US temporarily shelved rules that made it harded for US multi-nationals to "strip earnings" | Norton Rose Fulbright
A multinational corporation can usually reduce its tax base in another country by having its subsidiary in that country pay out earnings in a deductible form. An example is where earnings are paid to the parent as interest or rents. The challenge for US multinationals is to do this and still be able to defer US taxes on the income. US tax deferral is possible only on “active” income and not “passive” income like dividends, interest or rents.
One way around this problem until recently was to make the subsidiary in the country into a “disregarded entity.” The subsidiary is not considered to exist for US tax purposes. Therefore, a loan across the border to the company does not exist either. Neither do the interest payments on the loan.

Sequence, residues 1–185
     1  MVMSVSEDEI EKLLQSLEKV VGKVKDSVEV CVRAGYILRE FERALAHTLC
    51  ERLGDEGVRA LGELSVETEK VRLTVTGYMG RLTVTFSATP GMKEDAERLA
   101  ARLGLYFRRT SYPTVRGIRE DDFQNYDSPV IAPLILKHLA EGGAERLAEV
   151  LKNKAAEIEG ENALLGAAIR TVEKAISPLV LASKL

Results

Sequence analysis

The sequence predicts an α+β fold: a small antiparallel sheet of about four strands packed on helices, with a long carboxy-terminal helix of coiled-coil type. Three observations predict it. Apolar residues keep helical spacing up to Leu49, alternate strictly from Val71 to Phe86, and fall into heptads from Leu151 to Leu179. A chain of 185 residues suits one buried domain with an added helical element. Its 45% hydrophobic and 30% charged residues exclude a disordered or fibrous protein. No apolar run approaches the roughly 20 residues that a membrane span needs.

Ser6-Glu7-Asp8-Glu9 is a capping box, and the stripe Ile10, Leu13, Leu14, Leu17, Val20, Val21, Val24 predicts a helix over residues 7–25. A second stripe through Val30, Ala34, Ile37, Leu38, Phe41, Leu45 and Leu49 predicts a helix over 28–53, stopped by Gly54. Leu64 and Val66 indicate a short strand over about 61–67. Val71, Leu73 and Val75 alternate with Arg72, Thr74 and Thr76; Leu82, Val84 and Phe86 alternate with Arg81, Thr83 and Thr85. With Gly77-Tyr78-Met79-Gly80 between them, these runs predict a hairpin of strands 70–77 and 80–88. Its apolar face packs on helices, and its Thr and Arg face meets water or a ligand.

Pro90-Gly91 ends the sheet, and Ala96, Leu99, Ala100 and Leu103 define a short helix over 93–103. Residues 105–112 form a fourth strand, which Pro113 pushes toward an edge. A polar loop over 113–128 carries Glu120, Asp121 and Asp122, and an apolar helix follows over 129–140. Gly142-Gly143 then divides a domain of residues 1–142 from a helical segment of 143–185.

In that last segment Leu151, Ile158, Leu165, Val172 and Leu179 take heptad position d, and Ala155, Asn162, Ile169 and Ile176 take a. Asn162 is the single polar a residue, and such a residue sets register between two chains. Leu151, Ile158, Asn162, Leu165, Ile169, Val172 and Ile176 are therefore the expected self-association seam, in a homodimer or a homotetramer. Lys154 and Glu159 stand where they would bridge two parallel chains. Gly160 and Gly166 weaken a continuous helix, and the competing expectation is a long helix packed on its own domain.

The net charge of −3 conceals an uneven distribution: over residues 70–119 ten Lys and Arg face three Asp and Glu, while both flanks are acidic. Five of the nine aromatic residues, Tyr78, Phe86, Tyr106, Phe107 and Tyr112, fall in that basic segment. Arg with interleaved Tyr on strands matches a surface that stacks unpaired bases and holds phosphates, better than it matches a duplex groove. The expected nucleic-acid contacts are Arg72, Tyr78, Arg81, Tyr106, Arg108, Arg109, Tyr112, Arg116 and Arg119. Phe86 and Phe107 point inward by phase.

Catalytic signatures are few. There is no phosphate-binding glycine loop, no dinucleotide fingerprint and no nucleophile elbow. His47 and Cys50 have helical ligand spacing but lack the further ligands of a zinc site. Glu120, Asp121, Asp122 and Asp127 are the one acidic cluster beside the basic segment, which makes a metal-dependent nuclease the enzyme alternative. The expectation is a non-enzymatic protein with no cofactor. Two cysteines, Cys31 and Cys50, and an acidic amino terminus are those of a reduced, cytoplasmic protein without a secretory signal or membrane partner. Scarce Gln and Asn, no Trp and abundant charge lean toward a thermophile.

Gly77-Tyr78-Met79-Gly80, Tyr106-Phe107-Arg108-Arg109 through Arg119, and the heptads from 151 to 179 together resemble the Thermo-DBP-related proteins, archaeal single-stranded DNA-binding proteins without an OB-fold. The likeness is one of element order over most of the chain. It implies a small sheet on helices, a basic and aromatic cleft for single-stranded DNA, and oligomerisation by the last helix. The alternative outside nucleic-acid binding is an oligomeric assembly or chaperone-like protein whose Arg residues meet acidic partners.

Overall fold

The US Treasury issued proposed regulations in July to deny US tax deferral in such situations, but said the regulations would not be issued in final form before July 1, 2000 and would not be enforced for another five years after they become final.
The Treasury had planned a tougher approach but retreated under pressure from Congress. Treasury officials despair in private about ever being able to enforce the proposed rules.